With the aim of overcoming stalemate in the Doha Round, a number of WTO members, including the EU and the US, are about to launch negotiations on a plurilateral Trade in Services Agreement (TiSA).
Services were included in the Uruguay Round of trade negotiations, leading to the 1995 General Agreement on Trade in Services (GATS). Due to the restricted coverage of GATS as well as the growing economic importance of the services sector, one aim of the Doha Round launched in November 2001 was to address services. In 2004, WTO member states decided to focus negotiations on the most promising fields, including services. However, even a limited deal has not been reached as the prolonged stalemate of the Doha Round continues.
As a result, countries are increasingly resorting to regional or bilateral free trade agreements to liberalise their trade in services. In October 2012, the EU, Australia, Canada, Chile, Colombia, Hong Kong, Japan, Mexico, New Zealand, Norway, Pakistan, Singapore (later left the group), South Korea, Switzerland, Taiwan and the United States (known collectively as the “really good friends of services” – RGFS), declared their will to negotiate a plurilateral Trade in Services Agreement (TiSA).
EU and trade in services
Services account for about three quarters of the EU’s gross domestic product (GDP). The EU is the largest exporter of services in the world, representing 28% of total global services exports. It also has the largest volume of trade in services worldwide, with 23.5% of world trade in the services sector. Finally, in the EU, 68% of the labour force is employed in the services sector. Hence the EU has a strong interest in reducing and abolishing barriers to trade in services worldwide, as it could make the largest gains from additional exports of services. The European Services Forum has been calling for the launch of negotiations.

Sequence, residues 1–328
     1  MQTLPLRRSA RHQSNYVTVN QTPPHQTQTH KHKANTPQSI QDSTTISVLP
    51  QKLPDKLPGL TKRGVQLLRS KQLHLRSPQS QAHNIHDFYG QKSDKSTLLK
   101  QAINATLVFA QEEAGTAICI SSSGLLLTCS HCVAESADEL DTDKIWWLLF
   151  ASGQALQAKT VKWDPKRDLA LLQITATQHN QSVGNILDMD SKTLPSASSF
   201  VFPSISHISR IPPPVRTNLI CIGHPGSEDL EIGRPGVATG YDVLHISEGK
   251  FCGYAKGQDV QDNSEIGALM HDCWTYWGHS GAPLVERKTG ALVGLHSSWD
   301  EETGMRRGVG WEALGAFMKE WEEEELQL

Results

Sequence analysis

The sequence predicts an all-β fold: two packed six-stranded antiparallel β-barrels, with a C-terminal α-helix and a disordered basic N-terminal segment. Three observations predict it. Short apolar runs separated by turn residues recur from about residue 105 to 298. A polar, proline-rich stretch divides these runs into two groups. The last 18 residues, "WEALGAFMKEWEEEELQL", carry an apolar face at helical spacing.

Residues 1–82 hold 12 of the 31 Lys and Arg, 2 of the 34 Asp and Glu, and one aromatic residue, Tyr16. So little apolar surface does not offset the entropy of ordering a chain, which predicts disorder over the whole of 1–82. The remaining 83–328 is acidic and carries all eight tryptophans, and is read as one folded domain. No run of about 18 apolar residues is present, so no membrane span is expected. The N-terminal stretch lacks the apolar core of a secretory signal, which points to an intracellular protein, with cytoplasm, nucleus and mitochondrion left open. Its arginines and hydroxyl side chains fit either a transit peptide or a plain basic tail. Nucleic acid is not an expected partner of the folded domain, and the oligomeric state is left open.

Trade in Services Agreement: divergent views
In the Doha Round, the emerging markets argued that industrialised countries were trying to achieve access to services in emerging markets while offering too limited concessions on their own part. For now, the emerging-market economies with the highest growth potential, such as China, Brazil and India, are not participating in the TiSA negotiations. At the same time, according to some calculations, existing trade barriers of the RGFS account for around 60% of the global costs of trade in services.
Some countries have concerns on possible negative consequences for the Doha Round and the multilateral trading system. The RGFS have agreed that any agreement will include the objective of becoming a full part of the WTO system. However, it is not clear if it would be possible to achieve such full incorporation after the TiSA is concluded.
In March, the Council approved a mandate for the European Commission to negotiate TiSA on behalf of the EU.
The Parliament’s Committee on International Trade (INTA) has prepared a motion for resolution for a debate on the Commission’s statement on opening of negotiations on a plurilateral agreement on services. The draft resolution recognises the importance of services for the EU’s economy and welcomes the opening of TiSA negotiations. The resolution also notes that emerging-market economies are not so far participating in the negotiations and invites them to join. Finally, the resolution urges keeping the agreement open to other participants by following the GATS format, and considers that it should include an accession clause